pic: David on the drill press


What is wrong with this picture?

Clamps?! Unless there’s a tightened fastener holding the part in place I can’t see…

I count three things.

Something about the clamping system makes me cringe…

Dangly jewelry… could pose a choking hazard… and is a serious fashion faux pas

I’ll amend my post slightly and say IF the drill press is on and IF he’s actively drilling a hole, then there are safety issues. I will admit it’s a little hard to tell from the photo and it’s possible the student is just lining up the part for placement without the press being on. In which case I’m hopeful the clamp(s) would be the next step :slight_smile:

  1. Lack of clamping, unless there’s something I can’t see.
  2. Can’t tell if the necklace is in fact tucked in. If it is not, that’s a hazard.
  3. Something goes wrong, and the press retracts, his head’s going to get hit by the lowering handle.
  4. Can’t tell for sure, but it looks like he may be using a drill press and drill bit as a mill and mill bit. You might get away with the first one, if you use a mill instead of a drill bit. You don’t want to do both, though.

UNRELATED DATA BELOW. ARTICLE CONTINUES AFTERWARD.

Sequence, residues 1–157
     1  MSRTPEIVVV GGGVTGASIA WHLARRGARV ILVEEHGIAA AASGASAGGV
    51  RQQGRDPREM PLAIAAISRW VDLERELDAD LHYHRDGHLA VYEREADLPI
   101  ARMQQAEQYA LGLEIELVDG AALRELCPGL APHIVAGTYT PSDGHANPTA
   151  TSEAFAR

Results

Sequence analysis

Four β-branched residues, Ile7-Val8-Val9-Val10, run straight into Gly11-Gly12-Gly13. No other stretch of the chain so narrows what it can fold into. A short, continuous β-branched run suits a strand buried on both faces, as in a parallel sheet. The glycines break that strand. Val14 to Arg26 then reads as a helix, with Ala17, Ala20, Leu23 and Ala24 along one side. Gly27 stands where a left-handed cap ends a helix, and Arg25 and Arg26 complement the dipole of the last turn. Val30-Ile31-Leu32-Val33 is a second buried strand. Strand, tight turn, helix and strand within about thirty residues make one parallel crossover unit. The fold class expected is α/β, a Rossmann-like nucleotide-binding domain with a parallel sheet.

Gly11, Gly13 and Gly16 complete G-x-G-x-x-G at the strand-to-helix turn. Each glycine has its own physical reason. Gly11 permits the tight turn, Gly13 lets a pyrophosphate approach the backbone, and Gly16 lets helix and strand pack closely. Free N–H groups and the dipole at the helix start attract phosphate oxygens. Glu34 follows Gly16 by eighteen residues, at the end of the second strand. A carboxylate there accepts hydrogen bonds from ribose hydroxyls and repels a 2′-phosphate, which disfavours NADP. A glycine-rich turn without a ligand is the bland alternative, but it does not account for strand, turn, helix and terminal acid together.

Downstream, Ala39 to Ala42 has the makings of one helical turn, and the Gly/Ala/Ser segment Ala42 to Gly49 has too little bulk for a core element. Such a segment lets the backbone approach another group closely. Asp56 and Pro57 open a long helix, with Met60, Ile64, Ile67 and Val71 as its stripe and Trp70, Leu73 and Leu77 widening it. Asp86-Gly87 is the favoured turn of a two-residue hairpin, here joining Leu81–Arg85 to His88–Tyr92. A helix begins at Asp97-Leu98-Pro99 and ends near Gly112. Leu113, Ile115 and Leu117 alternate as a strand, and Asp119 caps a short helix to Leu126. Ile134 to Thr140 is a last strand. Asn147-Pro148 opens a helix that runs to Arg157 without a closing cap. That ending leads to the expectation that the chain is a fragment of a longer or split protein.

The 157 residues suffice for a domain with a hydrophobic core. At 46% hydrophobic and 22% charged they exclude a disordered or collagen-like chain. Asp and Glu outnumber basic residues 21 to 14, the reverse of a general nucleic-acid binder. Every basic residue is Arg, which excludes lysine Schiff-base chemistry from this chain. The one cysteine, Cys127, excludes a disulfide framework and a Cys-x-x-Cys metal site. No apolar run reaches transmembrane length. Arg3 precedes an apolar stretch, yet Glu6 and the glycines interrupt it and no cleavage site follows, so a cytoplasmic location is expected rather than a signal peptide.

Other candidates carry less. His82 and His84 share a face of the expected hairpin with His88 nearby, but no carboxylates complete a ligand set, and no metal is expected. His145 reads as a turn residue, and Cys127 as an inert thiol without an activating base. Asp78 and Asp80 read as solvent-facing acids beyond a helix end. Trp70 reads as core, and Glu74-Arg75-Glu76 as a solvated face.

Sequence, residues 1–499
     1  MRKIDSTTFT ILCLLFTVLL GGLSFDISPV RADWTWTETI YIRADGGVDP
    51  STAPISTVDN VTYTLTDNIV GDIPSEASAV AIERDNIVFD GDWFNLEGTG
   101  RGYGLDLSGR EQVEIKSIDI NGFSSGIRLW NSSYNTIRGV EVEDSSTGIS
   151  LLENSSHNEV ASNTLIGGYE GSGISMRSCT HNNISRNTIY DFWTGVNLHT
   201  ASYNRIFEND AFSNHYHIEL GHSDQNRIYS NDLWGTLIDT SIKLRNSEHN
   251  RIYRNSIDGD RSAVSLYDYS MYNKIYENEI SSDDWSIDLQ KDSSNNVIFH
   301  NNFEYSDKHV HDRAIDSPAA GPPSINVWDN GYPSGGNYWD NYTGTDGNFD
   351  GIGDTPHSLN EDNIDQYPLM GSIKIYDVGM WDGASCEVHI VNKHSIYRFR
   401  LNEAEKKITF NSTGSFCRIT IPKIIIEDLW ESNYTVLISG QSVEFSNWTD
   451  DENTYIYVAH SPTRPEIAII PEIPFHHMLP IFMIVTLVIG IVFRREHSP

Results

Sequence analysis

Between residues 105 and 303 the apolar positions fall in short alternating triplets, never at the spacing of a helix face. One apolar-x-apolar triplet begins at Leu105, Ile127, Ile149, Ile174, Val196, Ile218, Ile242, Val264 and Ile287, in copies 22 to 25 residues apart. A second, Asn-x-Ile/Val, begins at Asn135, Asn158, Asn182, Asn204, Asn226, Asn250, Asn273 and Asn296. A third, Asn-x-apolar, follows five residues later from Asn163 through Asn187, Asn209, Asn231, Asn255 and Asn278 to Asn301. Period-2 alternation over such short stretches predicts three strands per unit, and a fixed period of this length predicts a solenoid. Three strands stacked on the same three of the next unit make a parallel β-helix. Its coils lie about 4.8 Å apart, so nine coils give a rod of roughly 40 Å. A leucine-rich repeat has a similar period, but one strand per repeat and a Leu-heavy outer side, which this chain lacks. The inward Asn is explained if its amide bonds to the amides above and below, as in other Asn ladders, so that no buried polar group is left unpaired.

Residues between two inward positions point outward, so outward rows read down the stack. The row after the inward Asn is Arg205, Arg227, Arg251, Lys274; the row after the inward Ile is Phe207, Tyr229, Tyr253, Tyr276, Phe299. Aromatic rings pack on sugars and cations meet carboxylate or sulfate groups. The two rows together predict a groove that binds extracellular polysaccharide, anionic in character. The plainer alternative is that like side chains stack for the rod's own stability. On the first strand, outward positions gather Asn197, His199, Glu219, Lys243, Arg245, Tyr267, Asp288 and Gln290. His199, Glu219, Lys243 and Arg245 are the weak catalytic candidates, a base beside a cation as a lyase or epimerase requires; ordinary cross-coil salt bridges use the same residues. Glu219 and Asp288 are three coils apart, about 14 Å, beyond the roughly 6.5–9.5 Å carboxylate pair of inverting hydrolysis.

He is in fact wearing safety glasses, which is a good thing. However, they can’t protect you completely.

As a Occupational Medicine physician, I have soon numerous injuries involving foreign objects in the eye even with the use of safety glasses, or welding shields. The problem is that metal or wood fragments land on the safety glasses’ frame and when removing the glasses, the fragments fall into the eye.

One solution is a piece of double-sided tape on the top edge of the frames if you are grinding or sanding.

Lets make the 2010 season accident-free!


Incorrect. Gloves are in fact a safety hazard when used in that type of proximity to a rapidly rotating object, such as a drill or mill bit. Same reason as long hair and necklaces.

I’ve done both of these, the first one hurts. The second one I didn’t realize until someone mentioned it (there is a reason I don’t machine) I had mixed up a drill bit for a mill bit on the mill. Nothing broke thankfully but the teacher was pretty sure that was only because I was cautious and not forcing it to cut much of a soft material. (Ok, look, I COULDN’T force it, I weighed in at a whopping 80lbs and had to get a ladder to change the bit)

So, in my way too informed opinion, DON’T DO EITHER OF THESE!

Clamp that thing down, it may seem relatively harmless but anything spinning at >1000 rpm is dangerous add into that the likely hood that it will fall off and fling at you and you are in trouble.